It goes both ways – I’m also skeptical about overcoming the implacable opposition to local zoning reform by the vast majority of cities that cling to single-family zoning. There is a reason why rear cottages, apartments over garages, duplexes, triplexes, bungalow courts and garden apartments are called “the missing middle.” They used to be common in residential neighborhoods before being forbidden by so-called “single-family zoning.” Despite the growing recognition that single-family zoning was rooted in historic racism, it’s almost impossible for local electeds to challenge it. SB 9, while far from perfect, forced cities to restore some options for “missing middle housing” based on the same principle that earlier State legislation legalized Accessory Dwelling Units statewide. So I would rather have seen the League work toward a compromise that might have made SB 9 less prescriptive. As it is, SB 9 allows local communities to enact objective design standards and exempts historic districts. In the end, it’s a fairly modest change that won’t produce as much housing as supporters hoped nor anywhere near the negative impact its opponents fear.  

Where do you see win-win policy opportunities to meet the needs of Californian’s now effectively priced out housing?

First let me specify that there is no “win” for those communities that seek to maintain their exclusive status as affluent enclaves – municipalities that accept zero responsibility for providing housing opportunities for the “essential workers” those communities depend on. I’m talking about teachers, fire fighters, grocery clerks, utility workers, not to mention the army of nannies, gardeners, house cleaners and construction and maintenance workers who take the bus, carpool or arrive in trucks and vans every day from places that lack the safe neighborhoods, lush parks and quality schools they enable with their labor. But I do see a tremendous opportunity for state and local collaboration and even partnership to build the range of housing we need in proximity to our state’s job opportunities.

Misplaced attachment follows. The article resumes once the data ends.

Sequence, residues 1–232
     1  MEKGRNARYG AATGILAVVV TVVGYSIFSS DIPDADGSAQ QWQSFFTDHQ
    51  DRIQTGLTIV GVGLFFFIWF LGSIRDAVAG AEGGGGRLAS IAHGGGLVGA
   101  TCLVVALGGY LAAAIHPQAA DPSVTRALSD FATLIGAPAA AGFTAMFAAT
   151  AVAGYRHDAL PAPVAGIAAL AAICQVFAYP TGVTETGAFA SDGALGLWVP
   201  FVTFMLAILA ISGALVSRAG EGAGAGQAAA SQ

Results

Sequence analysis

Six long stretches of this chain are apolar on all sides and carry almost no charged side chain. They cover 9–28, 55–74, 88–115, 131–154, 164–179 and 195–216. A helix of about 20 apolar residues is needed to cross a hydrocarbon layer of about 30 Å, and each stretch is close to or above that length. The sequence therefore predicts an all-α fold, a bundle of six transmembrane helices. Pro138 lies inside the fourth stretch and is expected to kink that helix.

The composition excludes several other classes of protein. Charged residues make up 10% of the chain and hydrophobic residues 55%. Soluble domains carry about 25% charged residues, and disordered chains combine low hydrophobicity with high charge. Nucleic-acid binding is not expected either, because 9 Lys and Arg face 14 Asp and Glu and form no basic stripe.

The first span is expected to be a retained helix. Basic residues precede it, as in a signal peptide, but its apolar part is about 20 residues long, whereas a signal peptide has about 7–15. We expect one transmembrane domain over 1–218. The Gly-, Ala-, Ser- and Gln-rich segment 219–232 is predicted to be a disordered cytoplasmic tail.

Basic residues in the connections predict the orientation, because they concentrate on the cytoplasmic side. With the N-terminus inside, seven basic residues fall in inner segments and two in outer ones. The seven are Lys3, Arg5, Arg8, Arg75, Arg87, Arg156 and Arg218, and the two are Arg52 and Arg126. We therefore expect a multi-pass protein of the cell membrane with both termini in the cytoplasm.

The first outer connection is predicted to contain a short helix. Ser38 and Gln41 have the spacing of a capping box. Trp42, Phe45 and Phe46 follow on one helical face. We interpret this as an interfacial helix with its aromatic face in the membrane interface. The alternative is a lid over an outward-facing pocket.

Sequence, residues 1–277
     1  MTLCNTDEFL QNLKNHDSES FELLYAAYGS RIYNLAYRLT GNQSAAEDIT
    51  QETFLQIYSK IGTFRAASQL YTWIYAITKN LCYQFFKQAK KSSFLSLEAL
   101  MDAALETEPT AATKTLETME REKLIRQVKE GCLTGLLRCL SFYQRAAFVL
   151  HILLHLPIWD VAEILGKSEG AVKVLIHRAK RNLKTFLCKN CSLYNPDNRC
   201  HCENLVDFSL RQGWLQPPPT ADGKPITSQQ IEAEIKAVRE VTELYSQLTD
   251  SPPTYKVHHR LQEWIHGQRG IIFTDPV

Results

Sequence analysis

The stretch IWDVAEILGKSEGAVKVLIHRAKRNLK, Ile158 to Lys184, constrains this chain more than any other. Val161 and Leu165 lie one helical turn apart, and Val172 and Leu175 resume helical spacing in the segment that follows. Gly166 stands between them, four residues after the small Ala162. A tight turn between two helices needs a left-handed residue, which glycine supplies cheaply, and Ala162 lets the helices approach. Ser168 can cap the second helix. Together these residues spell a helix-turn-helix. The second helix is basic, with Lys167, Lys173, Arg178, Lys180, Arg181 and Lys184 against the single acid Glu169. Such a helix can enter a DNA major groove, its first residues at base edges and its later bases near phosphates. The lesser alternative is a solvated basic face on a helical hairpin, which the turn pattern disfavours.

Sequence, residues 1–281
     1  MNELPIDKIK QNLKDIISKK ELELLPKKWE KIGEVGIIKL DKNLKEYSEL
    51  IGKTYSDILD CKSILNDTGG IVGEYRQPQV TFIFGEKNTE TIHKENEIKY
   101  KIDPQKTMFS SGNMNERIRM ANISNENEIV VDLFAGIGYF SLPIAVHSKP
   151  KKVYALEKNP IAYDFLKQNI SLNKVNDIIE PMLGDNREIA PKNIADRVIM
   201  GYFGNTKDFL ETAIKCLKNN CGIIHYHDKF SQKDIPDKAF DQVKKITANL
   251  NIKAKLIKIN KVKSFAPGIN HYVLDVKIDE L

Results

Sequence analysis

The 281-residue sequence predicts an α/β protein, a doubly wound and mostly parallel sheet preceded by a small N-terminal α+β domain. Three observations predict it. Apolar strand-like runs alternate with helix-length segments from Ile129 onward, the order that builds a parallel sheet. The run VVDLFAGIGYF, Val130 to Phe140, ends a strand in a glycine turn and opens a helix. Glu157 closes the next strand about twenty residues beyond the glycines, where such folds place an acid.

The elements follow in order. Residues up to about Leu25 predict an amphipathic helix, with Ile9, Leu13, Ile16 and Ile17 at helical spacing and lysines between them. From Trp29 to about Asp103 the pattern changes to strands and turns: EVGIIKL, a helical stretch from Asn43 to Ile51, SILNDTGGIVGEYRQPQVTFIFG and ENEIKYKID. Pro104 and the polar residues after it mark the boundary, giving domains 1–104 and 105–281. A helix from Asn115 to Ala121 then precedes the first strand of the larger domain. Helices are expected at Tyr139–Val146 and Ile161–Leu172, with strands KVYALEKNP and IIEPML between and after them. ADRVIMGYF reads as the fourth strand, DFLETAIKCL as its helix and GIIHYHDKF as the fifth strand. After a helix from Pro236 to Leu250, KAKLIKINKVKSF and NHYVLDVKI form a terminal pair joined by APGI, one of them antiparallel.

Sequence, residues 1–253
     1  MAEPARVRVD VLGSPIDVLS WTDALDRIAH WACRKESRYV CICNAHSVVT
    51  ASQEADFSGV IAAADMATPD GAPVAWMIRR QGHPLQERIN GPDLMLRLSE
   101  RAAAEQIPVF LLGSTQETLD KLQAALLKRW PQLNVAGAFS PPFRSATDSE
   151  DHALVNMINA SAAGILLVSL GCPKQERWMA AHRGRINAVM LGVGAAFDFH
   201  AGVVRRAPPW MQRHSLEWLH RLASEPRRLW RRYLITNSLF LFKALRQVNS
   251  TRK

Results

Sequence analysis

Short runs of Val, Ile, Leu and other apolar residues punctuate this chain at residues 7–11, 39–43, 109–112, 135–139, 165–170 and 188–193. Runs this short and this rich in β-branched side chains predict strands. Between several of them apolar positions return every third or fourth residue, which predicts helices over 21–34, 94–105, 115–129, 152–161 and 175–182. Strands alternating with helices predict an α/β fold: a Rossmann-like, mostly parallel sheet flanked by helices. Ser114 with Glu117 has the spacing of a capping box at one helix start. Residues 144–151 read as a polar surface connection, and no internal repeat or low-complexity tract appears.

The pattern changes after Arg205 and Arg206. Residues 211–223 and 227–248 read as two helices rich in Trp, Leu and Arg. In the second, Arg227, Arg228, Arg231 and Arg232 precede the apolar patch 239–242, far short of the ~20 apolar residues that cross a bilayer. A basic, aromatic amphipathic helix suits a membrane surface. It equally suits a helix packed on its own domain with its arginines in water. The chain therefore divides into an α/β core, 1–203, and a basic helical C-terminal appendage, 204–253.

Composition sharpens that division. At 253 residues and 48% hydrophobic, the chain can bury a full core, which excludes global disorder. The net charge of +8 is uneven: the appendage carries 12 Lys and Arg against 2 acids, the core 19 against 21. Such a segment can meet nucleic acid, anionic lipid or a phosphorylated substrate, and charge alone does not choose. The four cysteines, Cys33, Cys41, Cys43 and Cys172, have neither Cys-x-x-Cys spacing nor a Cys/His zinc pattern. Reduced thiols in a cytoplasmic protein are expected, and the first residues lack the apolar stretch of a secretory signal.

Are such partnerships still viable given the hostility  that’s arisen – echoed in your responses here - between State and local authorities?  Is there any appetite for state housing legislation that included provision for “value capture” of landowner/developer profits from by right “upzoning?”

I suppose we should never underestimate the power of political short-sightedness to impair our opportunity for long-term shared success. Otherwise we wouldn’t be in the mess we are in. Yet a collaborative effort to finance social housing at a scale that would make a dent in our shortage of affordable housing is within our capacity. It would be far superior to the insane obstacle course we make non-profit affordable housing builders navigate – and then complain when the cost per unit exceeds three-quarters of a million dollars each. The Paris everyone on the globe looks to with envy was built with a public-private partnership that produced housing at scale in tandem with public investment in grand boulevards. Assemblymember Buffy Wicks has a bill, AB 2011, to enable a similar approach to the hundreds of miles of wide arterials that criss-cross every city, town and suburb in California. Matched with a public agency that could finance the affordable housing element of that vision, we could create good jobs, safer streets and capitalize on public investments in light rail and bus rapid transit.

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Given the skepticism about government’s ability to do big things efficiently, what prospects are there for big thinking that challenges the interests of institutional wealth?

I refuse to believe that the Golden State no longer has the capacity to surmount our challenges. We’ve been written off before – in the wake of the Rodney King upheaval, critics declared California a “failed state.” The same happened when the Great Recession hit. The State and many cities teetered on the edge of bankruptcy – Vallejo and San Bernardino actually succumbed. Nevertheless, California has deep reserves of economic and social resilience – we just need to find the civic and political will again to face up to our problems. There are no panaceas, but there are workable opportunities. When I was growing up, my parent’s generation invested in a world-class system of higher education. They moved mountain and earth to connect our cities with freeways and aqueducts. They built millions of homes and the infrastructure to support them. There were steep costs to those endeavors – not only massive public investment but wrenching social and environmental sacrifices that were borne disproportionately by our society’s most vulnerable. But today’s Californians have the option, I would argue the necessity, to match the determination of earlier generations with an inclusive commitment to equity and sustainability.